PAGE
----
How to Choose Diapers
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It is estimated that new dads and moms will change between 5,000 - 6,000 baby diapers during the first few years of their infant's life. Cloth diapers or disposable diapers - which will you choose for your baby? In this episode of The Lab, Daddy Clay and Daddy Brad break down this parenting dilemma. They take a look at both diaper options to help parents determine which is best. What effect will each diaper have on your finances? Is one better for the environment over the other?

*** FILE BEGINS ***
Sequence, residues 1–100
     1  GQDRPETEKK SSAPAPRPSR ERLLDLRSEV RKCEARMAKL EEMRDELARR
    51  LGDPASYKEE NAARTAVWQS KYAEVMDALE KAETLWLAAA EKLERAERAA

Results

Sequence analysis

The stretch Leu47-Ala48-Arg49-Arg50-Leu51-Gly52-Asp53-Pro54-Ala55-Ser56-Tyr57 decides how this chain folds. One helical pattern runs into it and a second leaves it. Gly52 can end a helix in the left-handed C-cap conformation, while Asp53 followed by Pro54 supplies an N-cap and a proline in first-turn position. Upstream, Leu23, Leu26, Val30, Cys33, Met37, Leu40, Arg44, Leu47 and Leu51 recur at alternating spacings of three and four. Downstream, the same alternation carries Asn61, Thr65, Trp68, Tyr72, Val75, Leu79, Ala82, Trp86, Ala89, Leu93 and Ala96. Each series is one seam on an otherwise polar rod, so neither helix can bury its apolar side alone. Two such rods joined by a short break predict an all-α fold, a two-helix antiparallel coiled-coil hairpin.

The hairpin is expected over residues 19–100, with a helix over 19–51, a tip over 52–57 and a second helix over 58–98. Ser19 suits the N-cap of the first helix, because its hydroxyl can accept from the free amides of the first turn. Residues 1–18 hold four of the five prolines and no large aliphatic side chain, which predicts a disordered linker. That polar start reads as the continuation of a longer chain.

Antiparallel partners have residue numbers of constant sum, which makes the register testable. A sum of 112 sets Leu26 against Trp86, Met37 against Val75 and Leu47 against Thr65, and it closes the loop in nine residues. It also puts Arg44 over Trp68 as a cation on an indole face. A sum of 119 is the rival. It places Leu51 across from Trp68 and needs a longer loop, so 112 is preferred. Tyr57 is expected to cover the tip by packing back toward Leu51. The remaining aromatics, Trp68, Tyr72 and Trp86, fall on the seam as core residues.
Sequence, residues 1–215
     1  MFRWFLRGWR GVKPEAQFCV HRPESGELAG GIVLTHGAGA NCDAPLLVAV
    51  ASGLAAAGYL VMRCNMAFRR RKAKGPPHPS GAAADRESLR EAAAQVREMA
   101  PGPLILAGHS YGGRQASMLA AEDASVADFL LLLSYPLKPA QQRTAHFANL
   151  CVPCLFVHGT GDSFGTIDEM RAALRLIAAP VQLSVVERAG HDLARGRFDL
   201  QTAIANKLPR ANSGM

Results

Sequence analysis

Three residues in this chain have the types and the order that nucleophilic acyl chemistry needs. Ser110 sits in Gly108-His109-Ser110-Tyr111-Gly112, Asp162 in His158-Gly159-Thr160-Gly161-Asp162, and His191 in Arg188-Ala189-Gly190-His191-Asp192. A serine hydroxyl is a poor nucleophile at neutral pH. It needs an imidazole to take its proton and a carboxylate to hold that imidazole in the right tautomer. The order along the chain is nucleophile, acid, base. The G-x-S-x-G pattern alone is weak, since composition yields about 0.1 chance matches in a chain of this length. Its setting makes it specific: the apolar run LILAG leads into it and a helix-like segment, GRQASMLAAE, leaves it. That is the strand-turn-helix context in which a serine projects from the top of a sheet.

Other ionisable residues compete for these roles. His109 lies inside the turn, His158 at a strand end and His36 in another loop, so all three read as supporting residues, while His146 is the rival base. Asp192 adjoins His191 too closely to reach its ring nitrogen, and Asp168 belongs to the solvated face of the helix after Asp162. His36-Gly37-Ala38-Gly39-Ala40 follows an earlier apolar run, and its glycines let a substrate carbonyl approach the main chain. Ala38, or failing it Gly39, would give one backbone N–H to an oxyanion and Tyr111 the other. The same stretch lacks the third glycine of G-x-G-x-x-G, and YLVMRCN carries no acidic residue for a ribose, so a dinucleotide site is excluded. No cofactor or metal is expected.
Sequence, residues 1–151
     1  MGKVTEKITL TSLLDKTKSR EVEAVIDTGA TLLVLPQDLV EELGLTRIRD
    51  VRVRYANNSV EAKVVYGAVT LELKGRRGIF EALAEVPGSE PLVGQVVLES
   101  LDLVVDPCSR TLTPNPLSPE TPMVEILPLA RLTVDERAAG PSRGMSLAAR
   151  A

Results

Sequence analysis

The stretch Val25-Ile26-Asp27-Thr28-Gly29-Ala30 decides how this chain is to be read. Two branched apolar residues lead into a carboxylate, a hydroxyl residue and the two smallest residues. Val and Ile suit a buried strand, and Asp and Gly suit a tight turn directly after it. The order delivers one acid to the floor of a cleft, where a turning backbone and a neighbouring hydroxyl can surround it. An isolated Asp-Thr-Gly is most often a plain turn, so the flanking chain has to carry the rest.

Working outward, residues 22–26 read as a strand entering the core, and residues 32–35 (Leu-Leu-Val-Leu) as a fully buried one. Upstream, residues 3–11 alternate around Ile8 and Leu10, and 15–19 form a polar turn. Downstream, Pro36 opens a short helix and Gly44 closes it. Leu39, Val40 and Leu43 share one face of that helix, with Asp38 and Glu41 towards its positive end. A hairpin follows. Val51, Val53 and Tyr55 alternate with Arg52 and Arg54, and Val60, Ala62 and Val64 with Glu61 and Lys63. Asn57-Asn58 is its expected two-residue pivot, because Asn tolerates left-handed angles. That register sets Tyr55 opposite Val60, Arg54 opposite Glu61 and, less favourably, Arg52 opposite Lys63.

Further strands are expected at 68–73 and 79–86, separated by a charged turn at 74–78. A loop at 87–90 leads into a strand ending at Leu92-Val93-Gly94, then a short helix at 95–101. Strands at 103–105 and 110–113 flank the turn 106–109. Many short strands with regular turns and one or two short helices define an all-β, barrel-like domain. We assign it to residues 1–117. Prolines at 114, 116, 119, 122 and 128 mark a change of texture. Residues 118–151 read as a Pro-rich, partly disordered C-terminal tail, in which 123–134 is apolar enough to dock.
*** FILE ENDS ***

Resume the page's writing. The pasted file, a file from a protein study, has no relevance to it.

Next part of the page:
How to Choose Diapers Daddy Brad: Welcome back to a very special edition of The Lab. We are down here at beautiful Barton Springs and I'm a disposable diaper. Daddy Clay: And I'm a cloth diaper. Come right back and we'll explain which one of us is much better than the other. Daddy Brad: You stink. Daddy Brad: This edition of The Lab is brought to us by BabyBjorn. Now it doesn't matter whether you're a disposable diaper or a cloth diaper. Your BabyBjorn Original Spirit Baby Carrier will not judge you. Daddy Clay: But I might. Did you realize you're going to change between 5 and 6 thousand diapers before your baby's potty trained? Daddy Brad: Holy crap! Daddy Clay: Yeah. Exactly, so you better choose wisely. Daddy Brad: Daddy Clay, the economics of disposable diapers, pretty straight forward. Any mid-range diaper at a big box retail store is going to run you between 25 cents and 35 cents. Multiply that by 5,400 which is the number of times you'll change that diaper and you're gonna come up with around $1,300.00 to $1,900.00 total cost for your diaper. Daddy Clay: Calculating the cost of cloth diapers is a little bit trickier. You've got a start-up cost of between $300.00 and $500.00 for your initial 12 to 24 cloth diapers coming from a brand like FuzziBunz, or Rumparooz, or bumGenius, depending on the brand. Then you've got laundry. Let's presume about $1.50 per load and that includes depreciation of the machine, a little bit less if you're using a high efficiency machine. Now some parents will wash diapers every single day, some less often, as few as two times a week. Let's for sake of argument presume 10 diaper washes per month for 3 years until the baby is potty trained. You're looking at a total diapering cost of around $1,000.00. Now if you use those same diapers for multiple children, obviously your costs go down. Or, if you're interested in a diapering service, that's gonna cost you about $75 a month and put you in pretty much the same neighborhood as using disposable diapers. Daddy Brad: A lot of parents make the decision between cloth and disposable based on the impact to the environment. It's a hotly debated topic and there are lots of variables. But the thing you've got to keep in mind with disposables, you need to think about the energy and raw materials it takes to make them, but you also must know that these are gonna end up in here, and that goes straight to the landfill. Over 2% of American landfills are given to disposable diapers. That's 27.4 billion nasty nappies or 3.4 million tons of poppy pants. Given the mix of fecal matter and inorganic compounds, there is some concern about what these will break down into. There are eco-friendly disposables on the market, from Whole Foods and Earth's Best, but those are at a premium price. Daddy Clay: When we're talking the environmental impact of cloth reusable diapers, we're primarily talking about water and energy. Obviously, manufacture of cloth diapers requires much less energy and raw materials than disposable diapers. It's really all about laundry and mom and dad have a big impact here. Studies have shown that parents that use very few loads of laundry and line dry their diapers have a much smaller footprint than parents that are using disposables. If however, you're doing many loads of laundry and tumble drying your cloth diapers, you may actually have a worse environmental impact than parents using disposables. Cloth diaper advocates would also be quick to point out, they believe cloth diapers cause diaper rash less often because people tend to change them more often. Daddy Brad: I think it's all about convenience. I mean, who's gonna do the laundry? Who's gonna wash that dirty diaper? That's 360 extra loads of laundry, two-parent working family, that's tough, is that worth $700.00, $800.00 bucks? Daddy Clay: True, but you can't discount the green angle. A lot of families are gonna want natural products against the baby's skin. They want to have a small footprint in terms of energy consumption. Cloth diapers allow that. I think it just boils down to there's no right and wrong answer here. Depends on you, your values, and your family, everybody has to make their own choice. Daddy Brad: If you have thoughts about cloth or disposable diapers, leave us a comment at and tell us what you think about Daddy Clay's calculations, English major. Daddy Clay: I know. I'm gonna catch it on the math on that one. We want to thank out sponsors BabyBjorn. You know, this great Baby Carrier Original Spirit, doesn't matter, cloth or disposable, it's diaper agnostic. BabyBjorn.